Yes, Prime Minister @ Yvonne Arnaud Theatre

If you go to the show anticipating a replica of  the popular 1980s TV series, then you may very well be disappointed. Writers Antony Jay and Jonathan Lynn drag the play into it’s contemporary coalition loving, daily news harassing, cabinet backstabbing context, with Prime Minister, Jim Hacker, kicking and screaming all the way.

In his new dominant Presidential role, Hacker seems a bit more like a Basil Fawlty figure as he spins around in the despair of his Chequers crisis. Michael F Stevens brilliantly conveys the hopelessness of his situation: he rants, he screams, he pulls out his hair, whilst leaning on his team of advisers. It is this physicality that removes it from it’s screen equivalent: probably owing to the demands of it’s medium, the theatre performance lacks the gentle nuances of the screen and instead falls into the rapture of farce.

This is most poignant in the second half, which really picks up the pace and dispels into total chaos. The myriad of impending disasters range from the aggressive BBC reporting, to the bickering of a disloyal cabinet, to the failing economy and the $10 billion dollars resting on the compliance of some Asian foreign secretary’s outlandish request for an orgy. We have the incessant interruptions of ringing phones and unwanted visitors that provide constant excitement and momentum.

Sir-Humphrey-(Crispin-Redman),-Claire-Sutton-(Indra-Ove)-and-Prime-Minister-Jim-Hacker-(Michael-Fenton-Stevens)-in-Yes,-Prime-Minister.-Photo-by-Dan-Tsantilis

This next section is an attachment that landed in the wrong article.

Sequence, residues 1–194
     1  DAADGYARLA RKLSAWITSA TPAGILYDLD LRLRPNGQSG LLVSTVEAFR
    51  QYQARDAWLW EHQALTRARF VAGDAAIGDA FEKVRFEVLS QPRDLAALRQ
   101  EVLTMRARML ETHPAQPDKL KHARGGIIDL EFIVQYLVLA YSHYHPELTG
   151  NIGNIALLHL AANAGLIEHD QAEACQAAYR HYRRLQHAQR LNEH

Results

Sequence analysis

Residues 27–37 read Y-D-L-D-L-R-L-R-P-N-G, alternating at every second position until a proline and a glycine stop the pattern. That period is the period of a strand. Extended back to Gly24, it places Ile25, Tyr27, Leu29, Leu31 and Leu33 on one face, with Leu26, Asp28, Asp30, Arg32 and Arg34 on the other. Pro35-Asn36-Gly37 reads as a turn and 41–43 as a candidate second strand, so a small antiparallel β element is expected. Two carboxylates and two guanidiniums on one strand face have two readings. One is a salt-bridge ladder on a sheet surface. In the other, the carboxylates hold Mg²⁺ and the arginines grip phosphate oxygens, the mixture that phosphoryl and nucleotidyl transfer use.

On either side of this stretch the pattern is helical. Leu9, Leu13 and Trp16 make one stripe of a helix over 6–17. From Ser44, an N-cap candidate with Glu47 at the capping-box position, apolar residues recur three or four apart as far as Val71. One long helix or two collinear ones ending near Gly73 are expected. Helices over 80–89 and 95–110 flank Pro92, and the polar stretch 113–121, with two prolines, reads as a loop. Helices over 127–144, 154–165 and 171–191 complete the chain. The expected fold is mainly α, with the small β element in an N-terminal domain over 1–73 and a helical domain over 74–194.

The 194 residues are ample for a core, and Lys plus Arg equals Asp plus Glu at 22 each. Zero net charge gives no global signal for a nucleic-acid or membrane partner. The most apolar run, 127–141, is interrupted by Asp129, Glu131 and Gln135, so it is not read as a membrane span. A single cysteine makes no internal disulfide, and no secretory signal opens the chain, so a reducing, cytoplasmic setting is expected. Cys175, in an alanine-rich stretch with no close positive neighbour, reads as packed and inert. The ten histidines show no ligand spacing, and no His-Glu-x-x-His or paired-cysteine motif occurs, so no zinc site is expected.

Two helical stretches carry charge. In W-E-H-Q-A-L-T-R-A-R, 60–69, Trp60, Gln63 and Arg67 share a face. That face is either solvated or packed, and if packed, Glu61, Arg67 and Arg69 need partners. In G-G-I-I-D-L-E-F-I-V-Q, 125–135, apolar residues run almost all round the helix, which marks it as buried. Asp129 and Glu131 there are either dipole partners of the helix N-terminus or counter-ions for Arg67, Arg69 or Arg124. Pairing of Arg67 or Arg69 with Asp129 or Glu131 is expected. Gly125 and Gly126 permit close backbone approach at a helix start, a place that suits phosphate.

There is a stale interruption of this action with a very still, very strange evocation of religious empathy when Hacker, Bernard (his private secretary) and his sexy policy advisor, kneel to ask for God’s guidance. This lull, although brief, leaves a bitter flavour of resentment towards the blurring of religion and state, which the Americans are accused of and the British Prime Minister is sourly linked. Here the handling seems at best rough and distracts us from the subtlety of the verbal sparring throughout, as well as detracts from the farce, which as we know, relies most heavily on speed.

Sir Humphrey certainly attends to the need for speed. Crispin Redman’s quality to reel off obfuscatory soliloquies in a single, well drawn breath is mesmerising and he is able to invest the character with his previously endowed sly and devious nature. Yet he certainly is not the puppeteer we know from the screen, allowing the characters to be more equally weighted.

The play creates a double mirror. We watch the Government achieve nothing in a verbose, political manner and in turn the play gains nothing from all the confusion and action of the show. Instead the conclusion takes an unexpected turn, which is given very little substance. We as the audience seemed to be fobbed off just like the population who Harker presides over. What is troubling is that it is a population and a world that we recognise all to clearly.

At Yvonne Arnaud Theatre, Guilford until February 16th

*Apologies for mixing up the cast names. Michael and Crispin, please forgive me! All set right now. 

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